Once upon a time, platform games fed us syrupy dollops of cuteness in the form of day-glo worlds populated by sugared cakes and doe-eyed yet lethal insects.

Today the genre is a vehicle for artistic aspiration. From the thoughtful Braid to the eerie Limbo, platform games circa 2011 have become so arty they probably wear berets and attend Saint Martin's College.

Outland, which is available only by download, is the latest example of this trend. There's a world music soundtrack that shimmers with panpipes and wind chimes, and visuals that mix rainforest vegetation with angular Maya artwork.

While this marks Outland out as something different, the game itself is more familiar having been stitched together out of ideas lifted from a host of other games.

Outland's defining concept is the ability to switch the colour of the hero between blue and red, so that he becomes immune to projectiles of the same colour, use platforms of the same colour, and damage enemies of the opposite colour.

It's a clever idea but it comes straight out of the cult Japanese shooter Ikaruga, whose inspiration also extends to the tight swarms of bullets that you spend your time dodging.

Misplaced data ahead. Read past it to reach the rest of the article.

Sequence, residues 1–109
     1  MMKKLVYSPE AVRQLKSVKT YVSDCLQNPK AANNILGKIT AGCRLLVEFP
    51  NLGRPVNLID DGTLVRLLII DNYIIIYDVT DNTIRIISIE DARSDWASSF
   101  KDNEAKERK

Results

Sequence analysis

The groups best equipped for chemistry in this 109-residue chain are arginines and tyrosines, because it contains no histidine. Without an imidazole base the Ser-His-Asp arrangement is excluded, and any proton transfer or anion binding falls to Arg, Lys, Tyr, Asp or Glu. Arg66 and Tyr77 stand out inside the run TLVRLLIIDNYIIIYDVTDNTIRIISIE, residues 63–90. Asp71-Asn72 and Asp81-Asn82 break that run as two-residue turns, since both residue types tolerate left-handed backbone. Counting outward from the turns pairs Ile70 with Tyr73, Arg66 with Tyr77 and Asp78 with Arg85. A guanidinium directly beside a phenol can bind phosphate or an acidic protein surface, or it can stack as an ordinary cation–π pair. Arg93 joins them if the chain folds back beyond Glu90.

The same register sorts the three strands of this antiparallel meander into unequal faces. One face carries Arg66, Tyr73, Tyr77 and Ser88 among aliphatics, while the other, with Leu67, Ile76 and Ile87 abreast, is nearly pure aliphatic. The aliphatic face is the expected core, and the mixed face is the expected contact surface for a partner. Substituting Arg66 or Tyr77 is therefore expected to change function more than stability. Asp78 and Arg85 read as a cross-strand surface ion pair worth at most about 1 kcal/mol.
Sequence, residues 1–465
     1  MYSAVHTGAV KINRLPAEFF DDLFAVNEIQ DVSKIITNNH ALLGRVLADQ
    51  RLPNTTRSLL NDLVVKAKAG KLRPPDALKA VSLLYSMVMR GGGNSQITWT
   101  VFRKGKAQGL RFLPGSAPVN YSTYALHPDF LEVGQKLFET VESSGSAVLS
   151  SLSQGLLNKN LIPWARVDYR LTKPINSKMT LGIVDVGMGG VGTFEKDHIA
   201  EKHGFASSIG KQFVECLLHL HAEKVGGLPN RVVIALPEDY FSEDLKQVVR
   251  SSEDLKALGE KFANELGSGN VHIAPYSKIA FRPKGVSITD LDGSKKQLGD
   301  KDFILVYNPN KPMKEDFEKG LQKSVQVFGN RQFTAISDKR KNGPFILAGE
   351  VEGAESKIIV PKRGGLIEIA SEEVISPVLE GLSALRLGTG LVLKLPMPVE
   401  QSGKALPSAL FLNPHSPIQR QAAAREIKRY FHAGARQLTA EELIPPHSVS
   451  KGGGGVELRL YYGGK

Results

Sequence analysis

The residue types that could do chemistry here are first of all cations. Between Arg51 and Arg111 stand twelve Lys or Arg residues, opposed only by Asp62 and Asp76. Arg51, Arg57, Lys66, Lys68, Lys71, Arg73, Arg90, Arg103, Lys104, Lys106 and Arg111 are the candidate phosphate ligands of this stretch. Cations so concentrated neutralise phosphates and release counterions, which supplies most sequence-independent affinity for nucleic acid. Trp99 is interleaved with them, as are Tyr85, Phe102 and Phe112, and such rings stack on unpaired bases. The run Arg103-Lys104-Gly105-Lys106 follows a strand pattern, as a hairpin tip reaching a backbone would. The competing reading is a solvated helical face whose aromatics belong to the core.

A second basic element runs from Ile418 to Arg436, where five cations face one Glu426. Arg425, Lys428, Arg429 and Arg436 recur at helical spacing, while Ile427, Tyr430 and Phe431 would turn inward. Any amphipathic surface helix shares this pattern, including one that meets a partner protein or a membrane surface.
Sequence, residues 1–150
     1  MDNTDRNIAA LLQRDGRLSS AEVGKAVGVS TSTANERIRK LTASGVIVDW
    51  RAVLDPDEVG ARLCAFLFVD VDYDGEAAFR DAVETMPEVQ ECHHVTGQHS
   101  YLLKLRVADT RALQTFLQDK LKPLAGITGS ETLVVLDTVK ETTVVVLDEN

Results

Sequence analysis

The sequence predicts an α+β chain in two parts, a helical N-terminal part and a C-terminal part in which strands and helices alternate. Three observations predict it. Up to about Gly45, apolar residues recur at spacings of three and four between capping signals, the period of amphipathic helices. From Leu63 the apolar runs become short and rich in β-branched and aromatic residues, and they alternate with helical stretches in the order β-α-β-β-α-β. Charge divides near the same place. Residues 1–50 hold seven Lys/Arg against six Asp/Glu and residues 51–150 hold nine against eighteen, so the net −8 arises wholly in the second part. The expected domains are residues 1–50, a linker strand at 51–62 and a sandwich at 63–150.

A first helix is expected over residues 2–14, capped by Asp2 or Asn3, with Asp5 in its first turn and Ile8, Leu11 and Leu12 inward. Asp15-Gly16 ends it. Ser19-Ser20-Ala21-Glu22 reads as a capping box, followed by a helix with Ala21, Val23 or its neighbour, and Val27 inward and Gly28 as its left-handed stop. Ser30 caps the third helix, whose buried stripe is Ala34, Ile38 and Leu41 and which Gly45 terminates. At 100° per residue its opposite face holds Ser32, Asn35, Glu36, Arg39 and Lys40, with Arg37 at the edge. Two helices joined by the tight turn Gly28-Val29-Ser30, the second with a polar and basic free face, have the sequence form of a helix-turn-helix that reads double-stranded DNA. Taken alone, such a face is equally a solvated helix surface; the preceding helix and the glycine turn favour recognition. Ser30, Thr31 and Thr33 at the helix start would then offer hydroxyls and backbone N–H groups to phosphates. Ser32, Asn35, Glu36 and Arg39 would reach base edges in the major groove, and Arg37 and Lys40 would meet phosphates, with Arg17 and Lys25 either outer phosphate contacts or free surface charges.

Outland's creators didn't stop there with Ikaruga though. The silver swipes of the hero's sword draws on the coin-op classic Strider, Shadow of the Colossus gets a nod with the towering bosses you need to climb up to attack, and the sprawling levels are pure Metroid.

This might suggest that Outland is a Frankenstein's monster of a game, but in fact it's a cohesive and refined platformer.

But while it's classy and polished, Outland doesn't manage to build enough on its pick'n'mix design to carve out a distinct identity of its own.

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Outland review

We've seen it all before, but this is still an arty, polished platformer